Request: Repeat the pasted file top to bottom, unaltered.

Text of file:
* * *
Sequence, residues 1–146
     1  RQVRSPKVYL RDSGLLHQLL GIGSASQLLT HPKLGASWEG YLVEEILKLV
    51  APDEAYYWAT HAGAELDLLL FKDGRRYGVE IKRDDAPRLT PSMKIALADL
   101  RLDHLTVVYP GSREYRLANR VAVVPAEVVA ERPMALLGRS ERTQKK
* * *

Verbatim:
Sequence, residues 1–146
     1  RQVRSPKVYL RDSGLLHQLL GIGSASQLLT HPKLGASWEG YLVEEILKLV
    51  APDEAYYWAT HAGAELDLLL FKDGRRYGVE IKRDDAPRLT PSMKIALADL
   101  RLDHLTVVYP GSREYRLANR VAVVPAEVVA ERPMALLGRS ERTQKK